Mar 2019
7
United States
#1
Hello everyone,

I am interested in combining my love of history with my data analysis skills. I have a blog that focuses on a new history topic every month. This blog has two posts a month one on a history topic and the other on the code I used to do the analysis and visualizations. This is really just a hobby for me but I was hoping to find others who were interested in combining data analysis with history, what datasets are out there for different history topics, and links to blogs along similar focuses.

The first posts I did were on ancient libraries

The blog post on the libraries can be found here: Hist01 – Article – Libraries, the Knowledge Centers of the Ancient World
The blog post on the code I used to create the data, make the visualizations, and analysis can be found here: Hist01 – Python Code – Libraries, the Knowledge Centers of the Ancient World

The next posts will be out in April about pirates:
Hist02 – Next History Topic – Pirates

Anyways would love to hear from anyone who has similar interest! Thanks so much!

Tiffany
 
Likes: Futurist

Futurist

Ad Honoris
May 2014
15,559
SoCal
#2
Very interesting blog! :)

BTW, have you ever considered editing Wikipedia and creating/expanding articles on there? I do it (over 50 of the articles that I created and/or expanded ended up on the Wikipedia front page) and I think that it's a great way to share one's knowledge and information with the wider community. :)
 

Futurist

Ad Honoris
May 2014
15,559
SoCal
#4
Yeah, I mean, if you know of some useful information that hasn't been put on Wikipedia yet and are able to properly source this information, editing Wikipedia might sound like something that you would be good at doing. Heck, you could even use your mapmaking skills and graphics skills to create maps and/or graphics to put on Wikipedia.

If you write a long enough article and/or expand an article long enough, you could even get your Wikipedia articles to be put on Wikipedia's front page so that much more people are going to see them and read them. :)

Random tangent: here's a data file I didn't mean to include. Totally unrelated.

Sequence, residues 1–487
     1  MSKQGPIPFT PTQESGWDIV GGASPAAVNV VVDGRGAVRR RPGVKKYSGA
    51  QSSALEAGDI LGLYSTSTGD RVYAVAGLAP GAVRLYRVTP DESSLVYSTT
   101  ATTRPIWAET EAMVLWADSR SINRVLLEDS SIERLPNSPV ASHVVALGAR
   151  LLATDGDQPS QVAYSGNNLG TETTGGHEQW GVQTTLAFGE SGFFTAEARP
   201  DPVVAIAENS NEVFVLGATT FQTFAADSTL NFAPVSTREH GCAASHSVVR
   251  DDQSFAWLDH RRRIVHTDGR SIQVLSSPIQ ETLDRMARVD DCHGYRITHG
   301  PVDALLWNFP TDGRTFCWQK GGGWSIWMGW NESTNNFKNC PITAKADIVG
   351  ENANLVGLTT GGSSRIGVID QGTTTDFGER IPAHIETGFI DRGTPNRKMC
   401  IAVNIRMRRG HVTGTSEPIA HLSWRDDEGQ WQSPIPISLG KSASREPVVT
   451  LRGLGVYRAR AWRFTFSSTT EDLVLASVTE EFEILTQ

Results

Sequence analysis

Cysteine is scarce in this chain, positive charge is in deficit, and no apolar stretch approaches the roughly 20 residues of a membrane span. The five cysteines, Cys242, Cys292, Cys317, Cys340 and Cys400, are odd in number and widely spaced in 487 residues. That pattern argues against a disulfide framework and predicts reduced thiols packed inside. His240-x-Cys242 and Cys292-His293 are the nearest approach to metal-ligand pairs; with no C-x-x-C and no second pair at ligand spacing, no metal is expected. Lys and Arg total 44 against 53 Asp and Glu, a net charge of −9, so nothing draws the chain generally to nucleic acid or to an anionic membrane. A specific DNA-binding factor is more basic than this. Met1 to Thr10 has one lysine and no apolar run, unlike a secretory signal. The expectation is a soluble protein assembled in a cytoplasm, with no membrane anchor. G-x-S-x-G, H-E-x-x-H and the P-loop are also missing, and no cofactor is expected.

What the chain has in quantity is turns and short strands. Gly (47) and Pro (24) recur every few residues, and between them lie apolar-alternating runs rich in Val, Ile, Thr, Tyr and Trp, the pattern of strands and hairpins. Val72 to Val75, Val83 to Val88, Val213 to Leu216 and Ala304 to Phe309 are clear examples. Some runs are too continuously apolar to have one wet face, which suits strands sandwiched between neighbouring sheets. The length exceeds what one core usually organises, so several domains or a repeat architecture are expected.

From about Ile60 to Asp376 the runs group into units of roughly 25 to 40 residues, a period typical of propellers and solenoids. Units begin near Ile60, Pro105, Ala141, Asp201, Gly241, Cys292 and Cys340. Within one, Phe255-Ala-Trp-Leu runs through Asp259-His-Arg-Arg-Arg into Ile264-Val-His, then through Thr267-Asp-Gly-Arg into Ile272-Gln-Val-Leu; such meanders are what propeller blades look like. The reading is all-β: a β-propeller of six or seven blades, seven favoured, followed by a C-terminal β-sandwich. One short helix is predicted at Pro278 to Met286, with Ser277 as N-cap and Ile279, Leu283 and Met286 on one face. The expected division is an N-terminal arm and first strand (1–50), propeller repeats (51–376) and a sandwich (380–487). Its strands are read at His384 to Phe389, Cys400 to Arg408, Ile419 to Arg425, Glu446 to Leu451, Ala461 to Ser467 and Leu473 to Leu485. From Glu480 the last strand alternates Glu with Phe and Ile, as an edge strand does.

#5
i think i would add SEA ancient library culture as well

Aside from the historic religious monument that is the Angkor Wat, there are thousands of temples built during the Angkor period that house similar structures to that of the Khmer version of a library.

Temples such as those found in Prasat Banteay Chhmar, Preah Khan Kampong Svay and Beng Mealea have been found to contain grand library structures on its grounds.

Sambo Manara, a history professor at the Royal University of Phnom Penh and Pannasastra University of Cambodia, said that when it came to the preservation of documents, Cambodian ancestors had perfected this art form.

“If we look at the Angkor Era, we will see thousands of libraries across public gatherings on Cambodian territories and previous Khmer territories,” he said.

“It’s important to remember that wherever a temple was built, there will also be a ‘Thormatrai’ which acts as a modern day library. Furthermore, on the grounds of Angkor Wat, there are two buildings which were called the libraries of Angkor Wat.”

Klot Vibolla, who has been a general manager of the National Library of Cambodia since 2003, said Cambodians should be proud that the beautiful structures of the libraries have been preserved.

“We should be immensely proud that the grand library had been passed down from our ancestors from thousands of years ago,” Vibolla said.

Meanwhile, Hin Sophorn, an expert on culture and archaeology and deputy director at the Ministry of Culture and Fine Arts office in Kampong Thom, said libraries have a deep-rooted history in Cambodia.

“Amongst the Prasat Sambor ruins in the Sambor Prei Kuk area, we found many structures similar to that of a library scattered within the vicinity,” he said.

“It contained a seventh-century architectural design, dating back to even before the Angkor era.”
Pitakataik (Bagan) - Wikipedia

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Pitakataik (Bagan)

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angkor wat library
 
Mar 2019
7
United States
#6
Thank you so much for responding about this. This is what I was hoping to hear from people. I would love to grow this out as I believe there are far more libraries than the ones I found on the wiki page. The time frame I found for ancient times is between 3500 B.C. and 500 A.D. I did not add any libraries past that point. Looking at the Angkor Wat Library I believe that it was built between the 9th and 12th century. If so then it would not fall into this category. If my date range is off, please let me know. Regardless thank you for sharing this wealth of information. Angkor Wat is on my wish list of places to go. Thank you so much! If there are other libraries/Thormatrai (with dates and idea of location) that you know fall between 3500 B.C. and 500 A.D. let me know and I will do my best to add them.
 

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